6. The flip chip ball grid array package of claim 1 wherein the thin die has a selected thickness of about 127 microns to about 381 microns.
Description
BACKGROUND OF THE INVENTION

The present invention relates generally to package construction of integrated circuits. More specifically, but without limitation thereto, the present invention relates to the construction of an integrated circuit package for a flip chip ball grid array (BAG).

FIG. 1 is a side view diagram of a typical flip chip ball grid array package 100 of the prior art. Shown are a stiffener 102, a heat spreader 104, a die 106, a laminated substrate 108, wafer bumps 110, an under fill 112, a thermally conductive layer 114, solder balls 116, and a second level package 120.

In traditional flip chip package design, the die 106 has a standard thickness of 725 microns and is electrically connected to the laminated substrate 108 by the wafer bumps 110, which are typically made of a eutectic solder. The spaces between the wafer bumps 110 are filled with an adhesive under fill 112 after bonding the die 106 to absorb stresses on the die 106 due to a mismatch in the coefficient of thermal expansion (CITE) between the die 106 and the laminated substrate 108. The under fill 112 is typically an epoxy material that flows and fills the gap between the laminated substrate 108 by capillary action, and is cured after filling the gaps between the wafer bumps 110.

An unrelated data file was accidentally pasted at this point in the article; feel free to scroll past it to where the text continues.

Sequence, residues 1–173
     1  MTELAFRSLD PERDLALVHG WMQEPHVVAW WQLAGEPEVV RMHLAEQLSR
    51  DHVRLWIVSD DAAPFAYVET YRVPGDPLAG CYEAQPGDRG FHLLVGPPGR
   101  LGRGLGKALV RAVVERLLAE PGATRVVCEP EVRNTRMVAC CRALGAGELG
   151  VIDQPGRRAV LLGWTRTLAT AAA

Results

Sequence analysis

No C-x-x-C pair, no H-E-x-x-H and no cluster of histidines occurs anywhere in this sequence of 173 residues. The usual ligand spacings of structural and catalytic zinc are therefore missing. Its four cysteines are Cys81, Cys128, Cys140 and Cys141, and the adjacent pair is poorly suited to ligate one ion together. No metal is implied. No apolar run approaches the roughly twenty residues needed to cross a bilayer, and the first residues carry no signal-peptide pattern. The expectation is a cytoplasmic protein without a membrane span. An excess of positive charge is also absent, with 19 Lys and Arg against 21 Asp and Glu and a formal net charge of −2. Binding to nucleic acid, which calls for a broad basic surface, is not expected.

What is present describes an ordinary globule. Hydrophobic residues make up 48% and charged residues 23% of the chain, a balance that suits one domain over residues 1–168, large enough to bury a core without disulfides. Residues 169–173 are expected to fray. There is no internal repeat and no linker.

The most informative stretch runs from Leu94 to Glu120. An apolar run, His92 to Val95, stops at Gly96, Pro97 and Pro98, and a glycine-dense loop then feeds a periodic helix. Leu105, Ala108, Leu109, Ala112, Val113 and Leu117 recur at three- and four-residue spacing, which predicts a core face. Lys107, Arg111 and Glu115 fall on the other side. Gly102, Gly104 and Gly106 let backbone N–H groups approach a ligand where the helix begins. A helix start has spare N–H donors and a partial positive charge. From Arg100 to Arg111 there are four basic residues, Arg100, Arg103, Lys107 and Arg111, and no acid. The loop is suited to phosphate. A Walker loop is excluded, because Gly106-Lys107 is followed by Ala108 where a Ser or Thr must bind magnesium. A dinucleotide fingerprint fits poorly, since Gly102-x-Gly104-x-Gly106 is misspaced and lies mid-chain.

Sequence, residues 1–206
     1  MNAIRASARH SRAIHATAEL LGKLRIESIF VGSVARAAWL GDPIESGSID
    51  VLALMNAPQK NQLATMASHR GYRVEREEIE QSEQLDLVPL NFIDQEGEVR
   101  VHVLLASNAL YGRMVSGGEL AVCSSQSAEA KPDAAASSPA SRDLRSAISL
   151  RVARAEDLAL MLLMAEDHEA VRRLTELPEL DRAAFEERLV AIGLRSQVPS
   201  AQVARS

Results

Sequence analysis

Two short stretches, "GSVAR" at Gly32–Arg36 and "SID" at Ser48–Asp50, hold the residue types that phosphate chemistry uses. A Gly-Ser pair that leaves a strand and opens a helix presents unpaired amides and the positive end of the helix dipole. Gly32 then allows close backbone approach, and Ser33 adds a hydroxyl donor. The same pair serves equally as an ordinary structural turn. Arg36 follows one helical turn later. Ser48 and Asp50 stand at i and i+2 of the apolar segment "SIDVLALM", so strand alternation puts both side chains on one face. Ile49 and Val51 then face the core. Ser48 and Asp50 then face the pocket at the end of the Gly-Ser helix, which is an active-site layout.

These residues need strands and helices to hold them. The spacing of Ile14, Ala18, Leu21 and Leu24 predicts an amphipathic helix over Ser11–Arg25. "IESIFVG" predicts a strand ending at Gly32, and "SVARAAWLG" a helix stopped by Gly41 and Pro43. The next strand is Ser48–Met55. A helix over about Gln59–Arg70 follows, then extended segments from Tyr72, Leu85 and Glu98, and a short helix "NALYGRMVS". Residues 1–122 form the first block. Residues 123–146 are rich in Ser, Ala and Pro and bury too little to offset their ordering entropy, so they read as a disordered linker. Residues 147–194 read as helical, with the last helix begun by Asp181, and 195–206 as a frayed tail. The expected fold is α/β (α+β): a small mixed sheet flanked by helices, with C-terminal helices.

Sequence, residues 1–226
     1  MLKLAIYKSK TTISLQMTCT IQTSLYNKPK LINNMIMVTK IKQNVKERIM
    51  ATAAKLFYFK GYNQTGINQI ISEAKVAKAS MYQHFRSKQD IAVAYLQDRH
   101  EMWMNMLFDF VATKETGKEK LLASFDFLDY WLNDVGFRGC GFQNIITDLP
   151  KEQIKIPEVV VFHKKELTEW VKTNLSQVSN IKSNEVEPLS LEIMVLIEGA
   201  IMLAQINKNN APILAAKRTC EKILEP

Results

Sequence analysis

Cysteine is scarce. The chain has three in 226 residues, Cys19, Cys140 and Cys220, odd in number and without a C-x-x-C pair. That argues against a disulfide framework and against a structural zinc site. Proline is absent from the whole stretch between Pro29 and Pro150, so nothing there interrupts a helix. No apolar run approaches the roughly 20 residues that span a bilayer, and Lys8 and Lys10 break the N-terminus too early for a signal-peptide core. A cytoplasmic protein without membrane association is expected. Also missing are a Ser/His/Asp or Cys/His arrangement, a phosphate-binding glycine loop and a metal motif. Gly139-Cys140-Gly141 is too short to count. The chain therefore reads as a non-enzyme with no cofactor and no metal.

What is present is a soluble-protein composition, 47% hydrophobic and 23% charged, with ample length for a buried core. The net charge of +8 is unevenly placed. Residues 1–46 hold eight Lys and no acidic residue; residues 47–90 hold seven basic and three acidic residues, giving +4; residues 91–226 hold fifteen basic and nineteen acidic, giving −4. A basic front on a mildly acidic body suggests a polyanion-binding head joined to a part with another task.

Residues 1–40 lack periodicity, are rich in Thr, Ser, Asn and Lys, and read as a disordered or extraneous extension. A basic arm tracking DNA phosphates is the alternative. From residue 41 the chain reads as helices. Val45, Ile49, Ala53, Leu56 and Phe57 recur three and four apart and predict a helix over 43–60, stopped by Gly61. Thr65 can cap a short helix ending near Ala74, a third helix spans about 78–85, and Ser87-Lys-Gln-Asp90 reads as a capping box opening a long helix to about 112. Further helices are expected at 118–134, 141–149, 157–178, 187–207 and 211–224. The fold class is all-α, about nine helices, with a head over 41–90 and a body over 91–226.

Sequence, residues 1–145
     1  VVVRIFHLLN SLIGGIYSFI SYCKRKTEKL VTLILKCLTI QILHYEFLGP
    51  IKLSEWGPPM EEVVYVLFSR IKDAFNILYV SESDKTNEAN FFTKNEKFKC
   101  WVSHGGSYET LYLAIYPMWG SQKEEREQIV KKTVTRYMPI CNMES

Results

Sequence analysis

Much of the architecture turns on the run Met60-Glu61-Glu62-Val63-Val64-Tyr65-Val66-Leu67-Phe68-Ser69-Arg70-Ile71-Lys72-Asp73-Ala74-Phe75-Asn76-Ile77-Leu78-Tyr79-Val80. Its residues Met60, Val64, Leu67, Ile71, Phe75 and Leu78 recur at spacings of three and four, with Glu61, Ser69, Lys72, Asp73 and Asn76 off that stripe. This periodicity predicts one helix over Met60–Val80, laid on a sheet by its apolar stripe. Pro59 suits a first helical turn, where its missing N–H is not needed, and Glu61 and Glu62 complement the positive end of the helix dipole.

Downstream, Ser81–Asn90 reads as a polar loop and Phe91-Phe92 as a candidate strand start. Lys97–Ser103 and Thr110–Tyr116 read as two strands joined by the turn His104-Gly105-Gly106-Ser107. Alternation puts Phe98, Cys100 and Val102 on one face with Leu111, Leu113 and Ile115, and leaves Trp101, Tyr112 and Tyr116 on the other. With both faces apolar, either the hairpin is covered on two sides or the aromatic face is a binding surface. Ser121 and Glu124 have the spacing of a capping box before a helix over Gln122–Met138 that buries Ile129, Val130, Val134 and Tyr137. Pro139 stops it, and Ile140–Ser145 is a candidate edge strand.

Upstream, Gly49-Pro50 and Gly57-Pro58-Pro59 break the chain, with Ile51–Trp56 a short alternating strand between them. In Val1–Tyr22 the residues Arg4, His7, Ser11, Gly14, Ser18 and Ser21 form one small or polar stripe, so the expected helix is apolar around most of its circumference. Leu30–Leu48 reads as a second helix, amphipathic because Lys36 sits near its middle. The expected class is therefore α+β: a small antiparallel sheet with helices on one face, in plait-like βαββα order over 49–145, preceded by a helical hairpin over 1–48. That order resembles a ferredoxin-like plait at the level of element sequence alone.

The stiffener 102 and the heat spreader 104 typically have the same area as the flip chip plastic ball grid array package 100. The stiffener 102 is attached to the substrate 108 to protect the flip chip ball grid array package 100 from flexural damage. The heat spreader 104 is attached to the stiffener 102 to conduct heat away from the die 106 though the thermally conductive layer 114. The flip chip ball grid array package 100 is mounted on the second level package 120 by the solder balls 116. The solder balls 116 have a typical width of about 610 microns, while the wafer bumps 110 have a typical width of only about 89 microns.

There are several problems and disadvantages with this approach, for example, inherent mismatch of the coefficient of thermal expansion of the die 106 (typically about 3.5 parts per million per degree Kelvin) with that of the laminated substrate 108 (typically about 16 parts per million per degree Kelvin) and poor adhesion between the adhesive under fill 112 and the passivation. The passivation is a thin film coating on the active side of the die 106 to protect the circuits on the die 106 from the environment. Typical passivation coatings are Sin, polyamide, and BCB. The mismatch of the coefficient of thermal expansion and the poor adhesion leads to delamination of the die 106 from the under fill 112 and subsequent cracking of the wafer bumps 110. Filling the small gaps between the wafer bumps 110 with the under fill 112 also becomes increasingly difficult due to packaging using increasingly smaller bump pitch. As the bump pitch becomes smaller, air bubbles are introduced in the under fill 112 that propagate cracks in the wafer bumps 110. Further, there may be flux contamination that leads to the delamination of the under fill 112.